Bear in mind that when you print an image, it goes through a little bit of a softening process, so you do have to bump up that sharpening Amount value. So you want a Radius value that looks good on screen, but then you want to take the Amount value up about 50% higher that you might normally want to do it. So if a 100% looks good, which it typically does, then you would want to go ahead and take it to 150 is it what I am saying. 0.7 looks pretty good to me. You can vary it anywhere from about 0.4 or 0.5 up to about 0.9, any value in that area would look pretty good, but I want you to write these values down.
So 150% and 0.7 and then click OK. Now you may recall our multiplier from the previous exercise we took 267 pixels per inch, which is the resolution at which we want to output the image, and we divided it by 117 pixels per inch, which is the resolution of our monitor, lets say our imagine monitor, which is 17 inch MacBook Pro screen and we came up with a multiplier of 2.28. We would now take that multiplier and multiply it, not times the Amount value, we will leave the Amount value alone, it will say 150%, but we will multiply the Radius value because we need the halos to thicken up in order to weather the reduction, in order to look good when we reduce the image in print.
So now lets switch over to this image right here, Stunning 12x8.JPG, which is the actual print version of the image, I will go ahead and zoom in to the 100% zoom ratio, so that we can see the image nice and big on screen. I will press the F key to switch to the full screen mode for a moment here and I will focus in on the eyes. Of course for those of you who are photographers already know this, but when you are sharpening portrait photographs, you want to keep an eye on those eyes. The eyes are the most important things because that's the portion of the image that has to remain in focus.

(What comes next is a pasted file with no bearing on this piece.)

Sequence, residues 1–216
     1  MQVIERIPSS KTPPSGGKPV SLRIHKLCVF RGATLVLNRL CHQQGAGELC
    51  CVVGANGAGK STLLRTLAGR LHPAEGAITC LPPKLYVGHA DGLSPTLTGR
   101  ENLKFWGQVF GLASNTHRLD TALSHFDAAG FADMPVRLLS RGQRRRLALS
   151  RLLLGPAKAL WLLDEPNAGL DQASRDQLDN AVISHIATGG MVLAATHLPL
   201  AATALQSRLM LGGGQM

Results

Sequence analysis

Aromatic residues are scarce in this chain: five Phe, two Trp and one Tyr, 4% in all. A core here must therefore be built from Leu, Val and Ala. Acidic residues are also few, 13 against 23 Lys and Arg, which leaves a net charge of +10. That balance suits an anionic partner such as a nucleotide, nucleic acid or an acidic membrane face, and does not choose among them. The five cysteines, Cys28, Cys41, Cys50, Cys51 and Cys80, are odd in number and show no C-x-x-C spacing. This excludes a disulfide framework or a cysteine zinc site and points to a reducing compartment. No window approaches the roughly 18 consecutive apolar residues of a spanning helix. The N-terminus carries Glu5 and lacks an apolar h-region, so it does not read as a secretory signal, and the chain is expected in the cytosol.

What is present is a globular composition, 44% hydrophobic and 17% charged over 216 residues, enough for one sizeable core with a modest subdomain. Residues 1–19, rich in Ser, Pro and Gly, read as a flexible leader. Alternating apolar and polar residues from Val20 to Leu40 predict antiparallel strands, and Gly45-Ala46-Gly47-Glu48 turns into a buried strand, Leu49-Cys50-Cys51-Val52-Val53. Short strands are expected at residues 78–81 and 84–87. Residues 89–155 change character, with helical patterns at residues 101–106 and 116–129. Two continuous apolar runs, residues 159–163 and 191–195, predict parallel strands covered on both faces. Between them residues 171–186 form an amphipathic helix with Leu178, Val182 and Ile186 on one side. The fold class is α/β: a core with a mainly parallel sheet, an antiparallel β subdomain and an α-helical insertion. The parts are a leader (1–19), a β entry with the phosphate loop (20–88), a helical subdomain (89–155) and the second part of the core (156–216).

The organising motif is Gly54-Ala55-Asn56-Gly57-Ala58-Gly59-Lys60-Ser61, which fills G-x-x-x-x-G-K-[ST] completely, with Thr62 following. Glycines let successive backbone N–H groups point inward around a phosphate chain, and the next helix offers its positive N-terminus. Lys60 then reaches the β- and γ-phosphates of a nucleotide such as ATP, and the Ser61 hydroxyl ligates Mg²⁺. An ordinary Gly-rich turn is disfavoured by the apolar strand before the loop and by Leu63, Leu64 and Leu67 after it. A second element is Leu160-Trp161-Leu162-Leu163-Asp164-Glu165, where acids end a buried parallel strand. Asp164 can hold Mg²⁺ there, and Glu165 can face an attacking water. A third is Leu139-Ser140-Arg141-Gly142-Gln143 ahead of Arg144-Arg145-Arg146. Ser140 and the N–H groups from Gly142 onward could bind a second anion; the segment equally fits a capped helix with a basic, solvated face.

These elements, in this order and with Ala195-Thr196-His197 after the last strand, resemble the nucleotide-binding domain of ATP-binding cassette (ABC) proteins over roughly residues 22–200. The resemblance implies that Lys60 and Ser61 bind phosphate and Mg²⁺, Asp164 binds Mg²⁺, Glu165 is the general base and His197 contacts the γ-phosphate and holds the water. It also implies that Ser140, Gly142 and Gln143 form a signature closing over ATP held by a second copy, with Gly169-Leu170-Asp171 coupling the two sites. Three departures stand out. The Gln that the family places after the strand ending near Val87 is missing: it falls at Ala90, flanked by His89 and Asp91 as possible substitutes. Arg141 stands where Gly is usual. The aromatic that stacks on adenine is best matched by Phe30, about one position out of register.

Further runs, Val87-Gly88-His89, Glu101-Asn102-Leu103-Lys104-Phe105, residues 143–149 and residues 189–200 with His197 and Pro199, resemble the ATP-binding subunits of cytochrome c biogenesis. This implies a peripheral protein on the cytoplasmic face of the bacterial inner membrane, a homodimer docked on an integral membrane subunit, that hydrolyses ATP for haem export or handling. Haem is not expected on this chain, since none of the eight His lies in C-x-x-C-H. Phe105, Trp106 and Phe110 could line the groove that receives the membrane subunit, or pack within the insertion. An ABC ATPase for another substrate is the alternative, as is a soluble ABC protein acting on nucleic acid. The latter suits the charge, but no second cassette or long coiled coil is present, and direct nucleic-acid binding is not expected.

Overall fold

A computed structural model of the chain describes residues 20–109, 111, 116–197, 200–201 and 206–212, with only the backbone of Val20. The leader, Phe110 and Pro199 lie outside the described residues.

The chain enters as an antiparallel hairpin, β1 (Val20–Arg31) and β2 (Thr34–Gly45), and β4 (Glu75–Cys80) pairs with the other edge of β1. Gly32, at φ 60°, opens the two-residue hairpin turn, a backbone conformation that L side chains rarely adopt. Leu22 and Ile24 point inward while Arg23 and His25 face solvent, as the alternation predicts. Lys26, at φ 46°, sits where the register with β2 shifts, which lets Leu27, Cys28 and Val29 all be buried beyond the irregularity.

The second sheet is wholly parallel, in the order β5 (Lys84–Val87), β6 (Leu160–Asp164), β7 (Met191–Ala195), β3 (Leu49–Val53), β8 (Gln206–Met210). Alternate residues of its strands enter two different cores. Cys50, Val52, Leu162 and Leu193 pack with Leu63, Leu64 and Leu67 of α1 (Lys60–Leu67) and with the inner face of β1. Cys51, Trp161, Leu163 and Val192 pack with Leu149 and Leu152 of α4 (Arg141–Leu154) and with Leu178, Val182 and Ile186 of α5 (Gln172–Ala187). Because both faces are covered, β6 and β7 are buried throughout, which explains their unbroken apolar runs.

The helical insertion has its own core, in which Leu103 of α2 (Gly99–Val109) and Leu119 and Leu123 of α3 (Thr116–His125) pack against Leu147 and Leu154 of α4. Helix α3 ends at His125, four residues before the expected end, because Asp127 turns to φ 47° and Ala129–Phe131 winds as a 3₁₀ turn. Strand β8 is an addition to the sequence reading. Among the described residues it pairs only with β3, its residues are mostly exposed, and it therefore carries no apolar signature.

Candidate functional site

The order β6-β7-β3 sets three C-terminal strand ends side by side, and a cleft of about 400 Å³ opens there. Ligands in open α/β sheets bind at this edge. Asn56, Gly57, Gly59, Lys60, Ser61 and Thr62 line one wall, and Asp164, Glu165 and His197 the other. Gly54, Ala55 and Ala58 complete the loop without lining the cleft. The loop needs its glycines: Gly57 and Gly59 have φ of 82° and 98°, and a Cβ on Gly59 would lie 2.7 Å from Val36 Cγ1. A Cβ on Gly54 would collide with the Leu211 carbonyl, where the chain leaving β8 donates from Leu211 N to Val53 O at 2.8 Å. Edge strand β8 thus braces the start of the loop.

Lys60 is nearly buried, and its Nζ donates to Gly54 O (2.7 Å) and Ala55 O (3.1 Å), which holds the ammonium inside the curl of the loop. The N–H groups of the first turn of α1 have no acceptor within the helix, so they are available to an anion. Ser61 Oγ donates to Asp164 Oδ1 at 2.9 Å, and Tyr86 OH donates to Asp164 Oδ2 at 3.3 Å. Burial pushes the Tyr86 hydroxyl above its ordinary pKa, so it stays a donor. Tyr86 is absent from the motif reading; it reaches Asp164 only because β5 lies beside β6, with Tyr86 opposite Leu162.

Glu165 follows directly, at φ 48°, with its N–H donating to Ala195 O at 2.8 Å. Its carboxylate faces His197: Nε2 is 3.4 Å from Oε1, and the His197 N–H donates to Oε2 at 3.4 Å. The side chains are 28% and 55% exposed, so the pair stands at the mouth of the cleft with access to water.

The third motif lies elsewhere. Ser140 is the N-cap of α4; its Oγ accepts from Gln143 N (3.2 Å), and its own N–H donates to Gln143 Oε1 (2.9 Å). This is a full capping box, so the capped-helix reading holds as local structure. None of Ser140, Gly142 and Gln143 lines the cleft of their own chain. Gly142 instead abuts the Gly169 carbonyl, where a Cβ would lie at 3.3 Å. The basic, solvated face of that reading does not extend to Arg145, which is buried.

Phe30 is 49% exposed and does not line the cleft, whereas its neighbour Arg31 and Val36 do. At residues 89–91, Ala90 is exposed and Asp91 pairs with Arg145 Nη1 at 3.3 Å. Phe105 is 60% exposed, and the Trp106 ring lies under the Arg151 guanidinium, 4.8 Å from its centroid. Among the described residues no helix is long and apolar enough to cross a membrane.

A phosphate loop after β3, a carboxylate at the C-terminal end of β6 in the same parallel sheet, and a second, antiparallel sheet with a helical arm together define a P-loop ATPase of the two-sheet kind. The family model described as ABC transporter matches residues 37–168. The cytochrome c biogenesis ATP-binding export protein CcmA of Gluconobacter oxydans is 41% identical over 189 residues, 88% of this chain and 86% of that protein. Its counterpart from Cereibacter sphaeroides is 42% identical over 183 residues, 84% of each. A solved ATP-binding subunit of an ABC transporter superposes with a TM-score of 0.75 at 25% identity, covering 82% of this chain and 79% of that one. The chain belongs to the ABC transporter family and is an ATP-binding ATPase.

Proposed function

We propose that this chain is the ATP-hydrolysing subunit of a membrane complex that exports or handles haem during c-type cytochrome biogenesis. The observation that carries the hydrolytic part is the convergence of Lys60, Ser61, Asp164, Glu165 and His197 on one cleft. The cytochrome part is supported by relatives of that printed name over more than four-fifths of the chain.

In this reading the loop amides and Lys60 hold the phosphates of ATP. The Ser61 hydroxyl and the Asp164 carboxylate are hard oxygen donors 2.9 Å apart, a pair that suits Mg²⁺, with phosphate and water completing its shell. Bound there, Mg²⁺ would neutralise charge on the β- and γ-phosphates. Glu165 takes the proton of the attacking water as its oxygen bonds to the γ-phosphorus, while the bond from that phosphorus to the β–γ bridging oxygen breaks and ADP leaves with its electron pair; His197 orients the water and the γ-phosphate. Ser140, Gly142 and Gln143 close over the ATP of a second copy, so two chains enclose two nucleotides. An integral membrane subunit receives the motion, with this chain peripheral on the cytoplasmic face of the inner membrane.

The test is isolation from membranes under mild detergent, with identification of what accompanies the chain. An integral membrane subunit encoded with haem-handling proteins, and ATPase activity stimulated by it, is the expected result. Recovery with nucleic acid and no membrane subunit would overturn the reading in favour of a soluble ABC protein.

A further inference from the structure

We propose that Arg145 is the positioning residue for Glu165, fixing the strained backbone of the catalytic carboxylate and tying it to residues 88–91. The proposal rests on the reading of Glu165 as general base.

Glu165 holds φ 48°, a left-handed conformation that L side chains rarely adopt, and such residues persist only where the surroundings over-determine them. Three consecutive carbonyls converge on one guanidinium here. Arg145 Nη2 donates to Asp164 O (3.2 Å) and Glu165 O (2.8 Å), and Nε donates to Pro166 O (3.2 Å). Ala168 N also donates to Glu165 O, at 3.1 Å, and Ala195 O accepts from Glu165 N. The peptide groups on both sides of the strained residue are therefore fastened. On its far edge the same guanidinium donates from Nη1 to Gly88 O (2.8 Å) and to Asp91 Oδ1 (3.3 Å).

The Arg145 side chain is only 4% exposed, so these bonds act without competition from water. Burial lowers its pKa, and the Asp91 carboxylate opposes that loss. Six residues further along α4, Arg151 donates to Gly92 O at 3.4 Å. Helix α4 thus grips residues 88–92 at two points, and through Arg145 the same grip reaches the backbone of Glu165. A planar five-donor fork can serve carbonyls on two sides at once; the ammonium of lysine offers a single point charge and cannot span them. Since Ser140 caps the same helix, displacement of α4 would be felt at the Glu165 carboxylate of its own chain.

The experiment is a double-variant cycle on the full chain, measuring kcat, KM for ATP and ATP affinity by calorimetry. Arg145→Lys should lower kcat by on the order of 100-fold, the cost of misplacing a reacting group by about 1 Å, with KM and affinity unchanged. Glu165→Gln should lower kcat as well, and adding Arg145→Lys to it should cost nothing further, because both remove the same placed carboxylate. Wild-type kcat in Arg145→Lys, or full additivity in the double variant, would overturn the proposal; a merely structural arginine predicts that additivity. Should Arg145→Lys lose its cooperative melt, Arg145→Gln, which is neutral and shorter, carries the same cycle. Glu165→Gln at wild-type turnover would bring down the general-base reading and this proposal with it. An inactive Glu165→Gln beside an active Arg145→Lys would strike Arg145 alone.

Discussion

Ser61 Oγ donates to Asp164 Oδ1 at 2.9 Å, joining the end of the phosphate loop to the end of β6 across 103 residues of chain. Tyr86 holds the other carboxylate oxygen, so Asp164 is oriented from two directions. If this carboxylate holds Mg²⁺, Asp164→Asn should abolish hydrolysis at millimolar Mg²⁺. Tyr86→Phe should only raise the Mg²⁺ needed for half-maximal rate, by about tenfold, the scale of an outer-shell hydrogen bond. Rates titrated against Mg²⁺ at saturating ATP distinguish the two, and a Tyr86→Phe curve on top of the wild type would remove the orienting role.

We might as well check out things like the nostril and the eyebrows as well and a little bit of the hair that will help us out. Now I am going to go up to the Filter menu, actually what I am going to do is I am going to press Ctrl+Alt+F or Command+Option+F on the Mac in order to repeat the last filter that I applied and I am going to do the math. The Amount value is set on 150%, that's great, we want to leave it alone. We are going to take that 0.7 Radius value, get out to your calculator once again, multiply it times the multiplier. So 0.7 times 2.28 in our case and of course that's based on the math that you have done for your own monitor.